The AJS 7R was introduced in 1948, and was almost immediately nicknamed the “Boy Racer”. It would go on to be become one of the most successful over-the-counter racing motorcycles for sale in England at the time, and even today almost 70 years later the AJS 7R is a dominant force in the world of vintage motorcycle racing.
The Story of the AJS 7R
Phil Walker designed the 7R with a single cylinder, single overhead camshaft engine – based on the lessons learned with the pre-WWII “cammy” engines. The chain driven overhead camshaft gives the 7Rs engine a distinctive look on the timing side, with an oftentimes gold-painted timing and cam cover sitting below the AJS fuel tank with its large knee indents on either side.
The air-cooled engine sits in a duplex frame, and suspension is handled with telescopic shock absorbers at the rear and Teledraulic forks up front. A small headlight fairing with a Perspex shield offers the rider a little cover when crouched down behind the dials on the straight.
The original AJS 7R had a relatively svelte kerb weight of 285 lbs (129 kgs), which meant its 32 bhp could be put to good use. Over the course of its production run the model was progressively modified in an effort to keep up with the advanced multi-cylinder race bikes coming out of Italy. The bore/stroke was squared a little from 74 x 81 mm to 75.5 x 78 mm to allow a higher red line, and the valves angles were narrowed.
In 1951 an experimental derivative called the AJS 7R3 was built with a 3-valve head, and in 1954 the 7R was further improved – the engine was lowered in the frame to lower the centre of gravity, and further engine tweaks improved power to 40 bhp (at 7800 rpm). This newly improved 7R won the first two rounds of the World Championship and took a win at the Isle of Man TT – not a bad effort for a bike first introduced 7 years earlier – especially when you consider the pace of engineering advancement at the time.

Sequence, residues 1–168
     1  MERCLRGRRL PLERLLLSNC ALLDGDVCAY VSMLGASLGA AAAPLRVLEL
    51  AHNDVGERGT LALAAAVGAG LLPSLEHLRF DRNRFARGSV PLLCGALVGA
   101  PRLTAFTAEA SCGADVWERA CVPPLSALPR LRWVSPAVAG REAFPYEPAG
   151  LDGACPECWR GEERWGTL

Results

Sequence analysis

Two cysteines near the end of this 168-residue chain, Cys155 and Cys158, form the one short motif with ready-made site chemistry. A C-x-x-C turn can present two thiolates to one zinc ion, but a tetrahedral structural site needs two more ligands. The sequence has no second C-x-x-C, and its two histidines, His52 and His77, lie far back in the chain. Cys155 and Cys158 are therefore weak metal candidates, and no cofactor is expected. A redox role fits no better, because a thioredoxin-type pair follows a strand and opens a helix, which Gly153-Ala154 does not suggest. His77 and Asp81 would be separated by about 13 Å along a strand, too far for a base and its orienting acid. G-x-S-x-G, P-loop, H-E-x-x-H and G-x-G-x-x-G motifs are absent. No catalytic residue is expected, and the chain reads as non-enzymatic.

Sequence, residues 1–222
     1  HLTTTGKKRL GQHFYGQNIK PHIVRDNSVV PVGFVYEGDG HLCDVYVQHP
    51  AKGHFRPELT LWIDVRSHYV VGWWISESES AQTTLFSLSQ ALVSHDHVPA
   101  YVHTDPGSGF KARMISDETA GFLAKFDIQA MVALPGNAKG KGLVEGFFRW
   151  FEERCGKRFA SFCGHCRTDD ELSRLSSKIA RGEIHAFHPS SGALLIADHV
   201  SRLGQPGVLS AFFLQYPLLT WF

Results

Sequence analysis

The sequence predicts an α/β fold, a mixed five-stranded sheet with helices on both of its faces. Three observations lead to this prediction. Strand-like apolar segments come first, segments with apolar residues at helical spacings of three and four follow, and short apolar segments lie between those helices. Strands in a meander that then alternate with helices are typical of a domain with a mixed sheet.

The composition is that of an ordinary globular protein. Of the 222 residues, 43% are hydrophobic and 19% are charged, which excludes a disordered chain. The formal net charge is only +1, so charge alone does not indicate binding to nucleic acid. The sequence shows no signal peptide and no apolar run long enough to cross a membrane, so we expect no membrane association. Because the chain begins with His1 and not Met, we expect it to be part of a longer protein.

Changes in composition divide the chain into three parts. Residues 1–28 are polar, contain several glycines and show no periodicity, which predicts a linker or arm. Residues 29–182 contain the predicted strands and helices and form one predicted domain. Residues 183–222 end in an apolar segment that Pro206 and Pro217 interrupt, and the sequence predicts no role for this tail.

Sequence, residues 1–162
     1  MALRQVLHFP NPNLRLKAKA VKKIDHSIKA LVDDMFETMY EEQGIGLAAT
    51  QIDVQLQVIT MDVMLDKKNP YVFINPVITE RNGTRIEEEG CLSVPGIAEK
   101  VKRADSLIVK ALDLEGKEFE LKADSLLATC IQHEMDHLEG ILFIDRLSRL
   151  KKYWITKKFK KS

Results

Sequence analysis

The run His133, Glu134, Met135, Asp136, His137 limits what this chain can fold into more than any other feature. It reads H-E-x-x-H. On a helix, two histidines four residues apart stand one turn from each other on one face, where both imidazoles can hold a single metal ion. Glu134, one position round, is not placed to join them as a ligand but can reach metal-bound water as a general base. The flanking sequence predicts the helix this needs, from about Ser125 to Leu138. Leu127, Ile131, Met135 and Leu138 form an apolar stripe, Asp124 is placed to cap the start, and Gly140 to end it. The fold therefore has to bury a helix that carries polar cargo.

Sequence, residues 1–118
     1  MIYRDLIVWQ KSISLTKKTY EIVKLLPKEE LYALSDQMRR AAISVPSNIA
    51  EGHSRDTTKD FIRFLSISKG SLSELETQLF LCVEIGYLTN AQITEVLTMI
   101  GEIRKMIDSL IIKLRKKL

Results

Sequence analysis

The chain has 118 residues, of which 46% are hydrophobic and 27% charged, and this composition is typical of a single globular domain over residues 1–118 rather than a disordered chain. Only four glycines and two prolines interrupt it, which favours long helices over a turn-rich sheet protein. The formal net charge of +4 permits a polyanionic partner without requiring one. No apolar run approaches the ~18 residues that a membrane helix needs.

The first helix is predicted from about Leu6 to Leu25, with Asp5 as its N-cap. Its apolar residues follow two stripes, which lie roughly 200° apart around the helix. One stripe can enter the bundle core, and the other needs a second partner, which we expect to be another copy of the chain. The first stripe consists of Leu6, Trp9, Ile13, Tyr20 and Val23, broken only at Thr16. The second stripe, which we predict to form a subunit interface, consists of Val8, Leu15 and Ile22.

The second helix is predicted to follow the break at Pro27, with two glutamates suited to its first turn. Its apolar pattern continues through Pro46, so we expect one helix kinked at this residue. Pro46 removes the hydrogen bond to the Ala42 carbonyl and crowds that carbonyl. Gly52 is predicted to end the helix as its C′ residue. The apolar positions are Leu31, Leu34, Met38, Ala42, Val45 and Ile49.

Wins for the AJS 7R would continue right into the 1960s, with victories at the Junior Manx Grand Prix races in 1961, ’62, ’63, and a 2nd place finish in 1966. Interestingly the 7R also won the inaugural F.I.M. 500cc Motocross World Championship in 1957 – Bill Nilsson of Sweden modified a 7R road racer into a motocross machine and nailed a convincing victory. Not something Phil Walker ever likely envisaged for the model.
The AJS 7R Shown Here
The AJS 7R you see here is an original 1956 model, meaning it benefited from the performance modifications introduced in 1954, it’s also fitted with the high-performance works camshaft, and a light weight magnesium gearbox and carburettor.
Sadly nothing is known about its racing history, but for those who’ve been looking to get into vintage motorcycle racing there are very few bikes better suited. Bonhams estimate it’s worth between £22,000 and £28,000, and it’s likely the bidding will be brisk when it rolls onto the auction block at the Spring Stafford Sale on the 23rd of April.
If you’d like to read more about the bike or register to bid you can click here to visit the listing.
Images via Bonhams
Ben has had his work featured on CNN, Popular Mechanics, Smithsonian Magazine, Road & Track Magazine, the official Pinterest blog, the official eBay Motors blog, BuzzFeed, and many more.
Silodrome was founded by Ben back in 2010, in the years since the site has grown to become a world leader in the alternative and vintage motoring sector, with millions of readers around the world and many hundreds of thousands of followers on social media.
This article and its contents are protected by copyright, and may only be republished with a credit and link back to Silodrome.com - ©2020